“It’s nice to be Episcopalian now and not post-evangelical,” I told Dan on the way home from church one cloudy afternoon, feigning a security I didn’t actually feel. “Who wants to be defined by what they’re not?” 

 “I don’t know,” Dan said, calling my bluff. “Seems like we’re all a little post-something.” 

I’ve been reading articles lately about how people like me need to just get over it already, either suck it up and embrace evangelicalism or pack up and move on.  The writers accuse us of painting with broad brushes (this is often true), of consumerism (this is sometimes true), of abandoning orthodoxy (this is rarely true), of deconstructing just for sport (this is almost never true). Then they charge us with printing up silly, oversimplified labels to slap onto all that we condemn, and I can’t help but recall all the labels I learned from them—feminist, liberal, postmodern, evolutionist, nominal, lukewarm, heretic—and think, where do you think we learned how to do this, folks? 

Sure we tend to over-share. Sure blog posts recounting 10 Ways Evangelicalism Failed Me are a dime a dozen.  But when you grow up believing everyone outside evangelical Christianity is going to get spewed from God’s mouth at best or cooked for eternity in hell at worst, when the people you love most in the world belong to the evangelical community and want you to belong to it too, making a deliberate step out of that tradition is a big deal.  When you grow up believing that your religious worldview contains the key to absolute truth and provides an answer to every question, you never really get over the disappointment of learning that it doesn't. 

It’s a lonely, frightening journey and most of us are limping along as best we can.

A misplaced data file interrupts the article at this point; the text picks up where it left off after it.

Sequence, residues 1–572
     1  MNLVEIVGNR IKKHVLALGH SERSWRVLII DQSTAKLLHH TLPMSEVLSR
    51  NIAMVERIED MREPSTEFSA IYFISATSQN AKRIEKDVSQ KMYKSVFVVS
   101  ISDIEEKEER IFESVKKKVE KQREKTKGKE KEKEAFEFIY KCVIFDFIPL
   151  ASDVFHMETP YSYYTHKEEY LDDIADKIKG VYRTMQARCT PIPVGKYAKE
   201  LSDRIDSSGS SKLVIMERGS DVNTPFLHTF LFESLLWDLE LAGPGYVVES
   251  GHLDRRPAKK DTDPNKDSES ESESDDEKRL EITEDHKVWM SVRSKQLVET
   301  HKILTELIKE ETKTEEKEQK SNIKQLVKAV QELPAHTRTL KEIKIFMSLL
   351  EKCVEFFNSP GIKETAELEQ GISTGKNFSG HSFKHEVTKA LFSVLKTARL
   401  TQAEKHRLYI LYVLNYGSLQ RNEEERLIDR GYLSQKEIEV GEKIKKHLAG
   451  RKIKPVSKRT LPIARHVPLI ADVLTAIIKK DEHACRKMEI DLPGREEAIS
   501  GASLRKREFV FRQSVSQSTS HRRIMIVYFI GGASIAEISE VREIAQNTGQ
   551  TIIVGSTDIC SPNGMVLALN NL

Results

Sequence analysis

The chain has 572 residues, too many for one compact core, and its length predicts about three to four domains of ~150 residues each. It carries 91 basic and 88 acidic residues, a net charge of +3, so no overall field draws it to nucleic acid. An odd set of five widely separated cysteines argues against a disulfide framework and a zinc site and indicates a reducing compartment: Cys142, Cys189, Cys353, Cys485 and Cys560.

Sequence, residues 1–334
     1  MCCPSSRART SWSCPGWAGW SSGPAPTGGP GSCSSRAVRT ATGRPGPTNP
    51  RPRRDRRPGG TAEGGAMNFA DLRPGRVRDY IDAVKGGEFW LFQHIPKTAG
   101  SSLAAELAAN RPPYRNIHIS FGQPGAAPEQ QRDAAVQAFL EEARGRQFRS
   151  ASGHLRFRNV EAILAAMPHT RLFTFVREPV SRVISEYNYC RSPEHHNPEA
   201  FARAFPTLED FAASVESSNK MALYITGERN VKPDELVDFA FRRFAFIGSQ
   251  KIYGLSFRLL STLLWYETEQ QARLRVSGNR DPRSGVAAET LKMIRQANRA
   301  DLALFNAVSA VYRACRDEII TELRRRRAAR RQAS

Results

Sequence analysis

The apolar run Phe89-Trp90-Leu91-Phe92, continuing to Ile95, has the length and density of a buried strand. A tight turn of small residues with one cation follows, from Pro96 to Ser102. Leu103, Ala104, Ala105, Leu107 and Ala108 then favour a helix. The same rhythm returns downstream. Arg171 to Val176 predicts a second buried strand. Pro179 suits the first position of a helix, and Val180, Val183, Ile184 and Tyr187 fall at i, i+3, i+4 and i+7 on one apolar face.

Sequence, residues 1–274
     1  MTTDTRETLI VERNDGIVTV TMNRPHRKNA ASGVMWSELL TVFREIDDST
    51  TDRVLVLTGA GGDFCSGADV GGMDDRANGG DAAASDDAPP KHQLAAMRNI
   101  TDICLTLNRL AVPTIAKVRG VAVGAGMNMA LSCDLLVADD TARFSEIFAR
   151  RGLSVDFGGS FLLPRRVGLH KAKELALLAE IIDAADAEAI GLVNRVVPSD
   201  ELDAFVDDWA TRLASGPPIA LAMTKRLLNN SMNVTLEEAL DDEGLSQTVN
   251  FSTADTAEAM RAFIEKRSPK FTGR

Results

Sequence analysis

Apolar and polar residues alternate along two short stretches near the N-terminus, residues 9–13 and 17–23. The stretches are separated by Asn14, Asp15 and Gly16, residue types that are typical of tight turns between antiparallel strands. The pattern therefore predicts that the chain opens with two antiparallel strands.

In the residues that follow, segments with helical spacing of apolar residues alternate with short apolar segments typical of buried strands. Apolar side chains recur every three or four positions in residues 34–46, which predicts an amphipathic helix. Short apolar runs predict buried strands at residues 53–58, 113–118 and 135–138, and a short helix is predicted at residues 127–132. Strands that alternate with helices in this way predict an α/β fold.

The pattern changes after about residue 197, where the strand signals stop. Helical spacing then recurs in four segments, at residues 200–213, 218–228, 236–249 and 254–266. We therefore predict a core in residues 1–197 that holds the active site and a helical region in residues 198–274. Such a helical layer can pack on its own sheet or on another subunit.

My little evangelical church in Birmingham, Alabama was the first place, outside of my immediate family, where I knew I belonged, where I knew I was loved. It was the community that introduced me to Jesus, that lowered me into a still pool of water and called me child of God. It was evangelicalism that taught me to value the Bible, to give and receive testimony, to totally slay the motions for “Father Abraham,” to make deviled eggs. And it was evangelicalism that first told me that being a woman limited my potential, that science was not to be trusted, that democrats and gay people and Episcopalians were my enemies, that asking questions about these things was wrong. 

It was evangelicalism that told me who I was and it was evangelicalism that told me who I wasn’t.  You don’t just get over that. You don’t just trash it all and walk away

Like it or not, our religious traditions help forge our identities. The great challenge, the one that took me a book to articulate and which I suspect will take me a lifetime to work out, is to hold every piece of my faith experience in love, even the broken bits, even the parts that still cut my hands and make them bleed. 

We are all post-something. 

We are all caught between who we once were and who we will be, the ghosts of past certainties gripping at our ankles. 

There’s no just getting over it. There’s no easy moving on.

So I ask for grace—from the communities that now receive me and from the one that first taught me what that word means. 


Comment Policy: Please stay positive with your comments. If your comment is rude, it gets deleted. If it is critical, please make it constructive. If you are constantly negative or a general ass, troll, or hater, you will get banned. The definition of terms is left solely up to us.